Friday, 3 April 2015

Gavrilo Princip, Jesus and me

The debate continues about Gavrilo Princip and his assassination of Archduke Franz Ferdinand. To what extent was that fateful shooting on 28th June 1914 in Sarajevo really the trigger for the massive outpouring of death and destruction that was the Great War 1914-1918? Historians will tell us of the multiple events, attitudes and behaviours whether national or individual that preceded the shooting, and even now the consequence of that conflict are still with us.

When I started in general practice in the small market town of Olney in 1982 there were three patients, all spinsters still living, alone, in the High Street who had never married, and indeed had never moved away from  Olney. They had lead a single life and, they told me, all thanks to the Great War.

So many British men of marriageable age died or were injured that the students of one girls' school were warned that only 10% would marry. The 1921 United Kingdom Census found 19,803,022 women and 18,082,220 men in England and Wales, a difference of 1.72 million which newspapers called the "Surplus Two Million".In the 1921 census there were 1,209 single women aged 25 to 29 for every 1,000 men. In 1931 50% were still single, and 35% of them did not marry while still able to bear children.

On a larger scale much of  the tension that has existed between various communities across Europe throughout the last 100 years dates back to decisions made during and after the Great War, with the creation of new countries such as Czechoslovakia and Yugoslavia. And most agree that the impact of the treaty of Versailles created the ideal substrate for the rise of Hitler and Nazism.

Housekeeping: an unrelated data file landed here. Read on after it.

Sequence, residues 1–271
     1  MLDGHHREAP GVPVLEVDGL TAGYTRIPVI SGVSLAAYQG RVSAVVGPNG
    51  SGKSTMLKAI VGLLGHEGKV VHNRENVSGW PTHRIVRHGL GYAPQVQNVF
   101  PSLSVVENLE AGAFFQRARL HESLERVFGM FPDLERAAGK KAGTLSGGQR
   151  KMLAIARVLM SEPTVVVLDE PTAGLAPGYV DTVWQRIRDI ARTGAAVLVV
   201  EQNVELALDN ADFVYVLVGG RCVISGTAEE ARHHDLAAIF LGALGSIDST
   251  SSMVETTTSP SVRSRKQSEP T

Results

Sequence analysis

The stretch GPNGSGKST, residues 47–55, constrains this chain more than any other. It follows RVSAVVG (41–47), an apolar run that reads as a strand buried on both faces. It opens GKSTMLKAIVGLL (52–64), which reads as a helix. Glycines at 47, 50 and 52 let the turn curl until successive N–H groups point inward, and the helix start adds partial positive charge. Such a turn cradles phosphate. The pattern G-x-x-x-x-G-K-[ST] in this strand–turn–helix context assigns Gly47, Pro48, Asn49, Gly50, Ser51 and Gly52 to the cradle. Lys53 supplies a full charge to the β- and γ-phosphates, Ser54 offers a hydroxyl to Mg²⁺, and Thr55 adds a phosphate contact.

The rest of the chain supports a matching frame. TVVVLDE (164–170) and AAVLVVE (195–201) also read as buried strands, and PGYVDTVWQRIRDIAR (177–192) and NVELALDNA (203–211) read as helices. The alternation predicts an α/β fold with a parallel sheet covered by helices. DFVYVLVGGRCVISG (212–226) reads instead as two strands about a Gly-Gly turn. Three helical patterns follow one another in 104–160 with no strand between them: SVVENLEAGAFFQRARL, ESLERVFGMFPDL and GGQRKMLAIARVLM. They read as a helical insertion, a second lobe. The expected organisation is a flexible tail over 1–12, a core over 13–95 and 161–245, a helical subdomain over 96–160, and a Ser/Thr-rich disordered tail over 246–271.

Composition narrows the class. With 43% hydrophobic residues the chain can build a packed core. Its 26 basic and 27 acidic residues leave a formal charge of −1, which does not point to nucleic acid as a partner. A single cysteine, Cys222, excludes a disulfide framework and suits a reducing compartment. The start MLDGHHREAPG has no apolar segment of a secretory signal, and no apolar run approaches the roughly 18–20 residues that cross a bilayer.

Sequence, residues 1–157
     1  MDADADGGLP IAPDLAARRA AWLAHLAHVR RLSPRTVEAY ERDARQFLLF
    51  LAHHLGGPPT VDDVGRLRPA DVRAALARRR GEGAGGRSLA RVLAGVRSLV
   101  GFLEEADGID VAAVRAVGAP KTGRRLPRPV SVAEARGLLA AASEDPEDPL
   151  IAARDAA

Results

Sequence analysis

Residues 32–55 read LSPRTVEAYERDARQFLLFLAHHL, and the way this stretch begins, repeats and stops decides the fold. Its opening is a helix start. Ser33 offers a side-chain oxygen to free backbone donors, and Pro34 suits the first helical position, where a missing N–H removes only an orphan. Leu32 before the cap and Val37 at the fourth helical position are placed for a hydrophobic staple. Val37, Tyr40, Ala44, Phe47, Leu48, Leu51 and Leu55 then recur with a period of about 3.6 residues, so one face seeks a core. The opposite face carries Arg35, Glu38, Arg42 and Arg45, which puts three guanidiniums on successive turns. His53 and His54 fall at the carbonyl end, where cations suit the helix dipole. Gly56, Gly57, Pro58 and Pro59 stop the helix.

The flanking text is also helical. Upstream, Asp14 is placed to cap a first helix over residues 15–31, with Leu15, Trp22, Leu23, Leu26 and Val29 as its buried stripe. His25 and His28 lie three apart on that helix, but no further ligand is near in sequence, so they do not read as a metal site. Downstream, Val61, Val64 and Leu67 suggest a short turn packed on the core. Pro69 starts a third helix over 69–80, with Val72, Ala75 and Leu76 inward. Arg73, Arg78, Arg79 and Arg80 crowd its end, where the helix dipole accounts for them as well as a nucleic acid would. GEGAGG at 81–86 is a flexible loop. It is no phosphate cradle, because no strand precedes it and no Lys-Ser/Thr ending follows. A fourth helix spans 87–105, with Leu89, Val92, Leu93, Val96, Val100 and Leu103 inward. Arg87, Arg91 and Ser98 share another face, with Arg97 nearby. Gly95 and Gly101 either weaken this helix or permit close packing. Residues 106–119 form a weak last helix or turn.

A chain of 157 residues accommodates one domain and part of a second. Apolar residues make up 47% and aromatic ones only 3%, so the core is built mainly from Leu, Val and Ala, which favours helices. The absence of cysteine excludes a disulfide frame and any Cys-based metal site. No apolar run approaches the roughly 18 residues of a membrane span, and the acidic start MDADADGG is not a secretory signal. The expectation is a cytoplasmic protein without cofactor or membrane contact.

All this from one event and one person's action.

And so on this Good Friday, one event two thousand years ago, preceded by centuries of events, attitudes and behaviours has had a staggering effect upon all of human history since. Millions of people in every country of the world have claimed allegiance to this one man, Jesus of Nazareth. And that once and for all, Good Friday event is the trigger and catalyst, with the stunning reality of the resurrection as confirmation of the power of the cross. To change destinies, to change human hearts, to bring peace and forgiveness and to satisfy the longings of the human soul.

So I say thank you for cross Lord. Thank you for the price you paid. And still this Jesus calls to one and all to follow him and receive mercy and a new power for living. This song reminds me of my early days as a new Christian in a Pentecostal church.







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